Soft­en­ing mar­kets

The New Zealand Herald - - EDITORIAL & LETTERS -

Words like con­sen­sus and grand-coali­tion seem to send some into the same spin, as does ref­er­enc­ing the 1983-1993 Aus­tralian Ac­cord that brought more flex­i­bil­ity into labour mar­kets while low­er­ing in­fla­tion and un­em­ploy­ment. It was never go­ing to be a per­fect so­lu­tion but pro­duced some re­mark­able, and eq­ui­table, long-term so­cial re­forms as well.

De­spite some now recog­nised neg­a­tive un­in­tended con­se­quences, that ac­cord pro­vided a so­cial wage to cush­ion work­ers from the ad­verse ef­fects of eco­nomic and wages pol­icy re­form. It also rep­re­sented a more eq­ui­table al­ter­na­tive to more ex­treme eco­nomic ra­tio­nal­ism (“ne­olib­er­al­ism”) adopted world­wide.

Which­ever word is used, I would ar­gue for a thor­oughly de­bated, well-rea­soned cross-party con­sen­sus in health, ed­u­ca­tion, and long-term in­fra­struc­ture pro­vi­sion for the en­vi­ron­ment, trans­port and even demo­cratic pro­cesses. If this con­sen­sus looks be­yond com­pet­i­tive mod­els to the more eq­ui­table Scan­di­na­vian ones that fo­cus on col­lab­o­ra­tive so­lu­tions all can buy into, we could achieve new re­gional-cen­tral gov­ern­ment eco­nomic mod­els to trans­form our phys­i­cal and so­cial en­vi­ron­ment for decades to come. Some­thing worth hav­ing and wait­ing for?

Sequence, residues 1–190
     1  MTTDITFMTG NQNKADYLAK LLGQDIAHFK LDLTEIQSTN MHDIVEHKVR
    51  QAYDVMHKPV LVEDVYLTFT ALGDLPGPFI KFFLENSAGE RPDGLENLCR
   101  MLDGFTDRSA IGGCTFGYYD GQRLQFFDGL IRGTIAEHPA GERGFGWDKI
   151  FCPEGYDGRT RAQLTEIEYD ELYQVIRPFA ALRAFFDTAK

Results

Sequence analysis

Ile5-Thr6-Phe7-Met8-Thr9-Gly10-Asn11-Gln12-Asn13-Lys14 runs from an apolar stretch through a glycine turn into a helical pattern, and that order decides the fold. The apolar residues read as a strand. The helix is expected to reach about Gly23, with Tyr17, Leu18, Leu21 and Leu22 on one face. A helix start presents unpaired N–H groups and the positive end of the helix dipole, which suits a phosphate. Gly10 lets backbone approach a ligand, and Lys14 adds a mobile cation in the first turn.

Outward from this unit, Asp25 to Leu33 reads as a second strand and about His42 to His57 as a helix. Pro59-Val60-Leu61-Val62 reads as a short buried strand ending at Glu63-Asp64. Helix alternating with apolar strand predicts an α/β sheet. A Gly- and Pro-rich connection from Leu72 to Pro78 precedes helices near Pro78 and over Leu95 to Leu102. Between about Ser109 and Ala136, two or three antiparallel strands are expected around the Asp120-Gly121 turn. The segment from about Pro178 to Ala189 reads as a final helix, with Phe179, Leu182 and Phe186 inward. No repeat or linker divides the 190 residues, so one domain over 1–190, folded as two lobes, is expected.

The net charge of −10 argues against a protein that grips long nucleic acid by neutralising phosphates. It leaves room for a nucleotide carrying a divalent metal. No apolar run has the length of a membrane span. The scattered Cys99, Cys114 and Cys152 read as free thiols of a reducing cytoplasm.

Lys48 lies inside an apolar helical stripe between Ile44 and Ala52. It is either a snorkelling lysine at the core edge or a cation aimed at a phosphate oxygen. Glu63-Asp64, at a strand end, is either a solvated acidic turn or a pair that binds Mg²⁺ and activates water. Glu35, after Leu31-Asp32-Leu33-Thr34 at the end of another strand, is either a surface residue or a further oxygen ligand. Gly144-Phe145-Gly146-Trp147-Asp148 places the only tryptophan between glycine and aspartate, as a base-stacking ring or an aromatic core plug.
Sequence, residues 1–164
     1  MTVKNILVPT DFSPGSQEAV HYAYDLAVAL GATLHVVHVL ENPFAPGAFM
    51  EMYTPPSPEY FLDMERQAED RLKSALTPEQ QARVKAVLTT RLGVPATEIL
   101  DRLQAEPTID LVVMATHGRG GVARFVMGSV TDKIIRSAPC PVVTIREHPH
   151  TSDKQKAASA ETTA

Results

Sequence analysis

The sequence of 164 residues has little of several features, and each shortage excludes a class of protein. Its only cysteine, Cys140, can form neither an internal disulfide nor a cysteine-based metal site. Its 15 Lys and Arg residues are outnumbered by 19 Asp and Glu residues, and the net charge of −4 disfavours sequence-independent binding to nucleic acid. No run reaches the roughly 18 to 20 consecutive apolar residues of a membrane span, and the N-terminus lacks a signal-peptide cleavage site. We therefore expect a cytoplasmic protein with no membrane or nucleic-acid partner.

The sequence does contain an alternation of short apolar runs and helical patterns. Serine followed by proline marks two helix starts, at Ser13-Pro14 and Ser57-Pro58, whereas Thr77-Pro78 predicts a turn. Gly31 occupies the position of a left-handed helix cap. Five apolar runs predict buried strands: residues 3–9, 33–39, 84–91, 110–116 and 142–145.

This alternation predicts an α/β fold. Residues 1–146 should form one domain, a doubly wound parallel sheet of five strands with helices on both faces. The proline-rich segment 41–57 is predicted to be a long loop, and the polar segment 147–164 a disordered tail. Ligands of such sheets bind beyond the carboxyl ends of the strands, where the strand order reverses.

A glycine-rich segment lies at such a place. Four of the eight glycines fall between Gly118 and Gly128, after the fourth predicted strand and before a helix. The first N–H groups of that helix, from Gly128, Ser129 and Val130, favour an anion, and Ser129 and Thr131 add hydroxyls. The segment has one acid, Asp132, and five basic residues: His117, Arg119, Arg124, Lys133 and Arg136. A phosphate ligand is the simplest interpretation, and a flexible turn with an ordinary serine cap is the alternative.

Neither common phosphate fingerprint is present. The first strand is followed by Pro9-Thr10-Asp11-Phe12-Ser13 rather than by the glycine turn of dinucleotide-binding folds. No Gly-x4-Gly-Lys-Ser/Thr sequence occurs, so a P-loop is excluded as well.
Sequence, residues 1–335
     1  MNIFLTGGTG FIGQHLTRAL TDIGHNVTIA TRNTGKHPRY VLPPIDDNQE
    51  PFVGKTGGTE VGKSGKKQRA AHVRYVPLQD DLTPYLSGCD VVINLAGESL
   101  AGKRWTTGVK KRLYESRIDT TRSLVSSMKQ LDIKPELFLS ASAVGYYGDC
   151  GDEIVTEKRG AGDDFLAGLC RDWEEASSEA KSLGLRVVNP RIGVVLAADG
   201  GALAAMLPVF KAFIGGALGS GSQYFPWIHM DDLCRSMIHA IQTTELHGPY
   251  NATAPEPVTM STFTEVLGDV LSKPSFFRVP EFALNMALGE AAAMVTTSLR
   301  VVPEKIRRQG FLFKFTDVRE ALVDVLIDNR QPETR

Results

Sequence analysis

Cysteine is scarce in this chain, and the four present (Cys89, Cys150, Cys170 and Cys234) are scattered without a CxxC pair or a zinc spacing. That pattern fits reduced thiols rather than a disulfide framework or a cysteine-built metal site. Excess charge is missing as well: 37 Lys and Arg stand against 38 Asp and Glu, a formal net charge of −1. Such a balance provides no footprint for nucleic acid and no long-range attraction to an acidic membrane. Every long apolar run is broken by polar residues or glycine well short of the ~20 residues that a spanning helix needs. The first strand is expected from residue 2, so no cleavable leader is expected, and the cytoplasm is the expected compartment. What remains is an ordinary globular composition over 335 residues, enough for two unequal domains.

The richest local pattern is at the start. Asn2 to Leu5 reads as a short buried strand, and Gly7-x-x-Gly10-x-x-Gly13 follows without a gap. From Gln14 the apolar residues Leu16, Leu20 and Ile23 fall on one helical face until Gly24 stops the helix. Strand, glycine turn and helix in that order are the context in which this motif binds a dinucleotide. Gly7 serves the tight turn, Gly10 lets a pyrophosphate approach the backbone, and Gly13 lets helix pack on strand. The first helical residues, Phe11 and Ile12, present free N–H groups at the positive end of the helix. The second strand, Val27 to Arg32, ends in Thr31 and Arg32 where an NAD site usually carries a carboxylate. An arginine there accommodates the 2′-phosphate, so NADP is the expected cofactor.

Steve Lid­dle, Napier.

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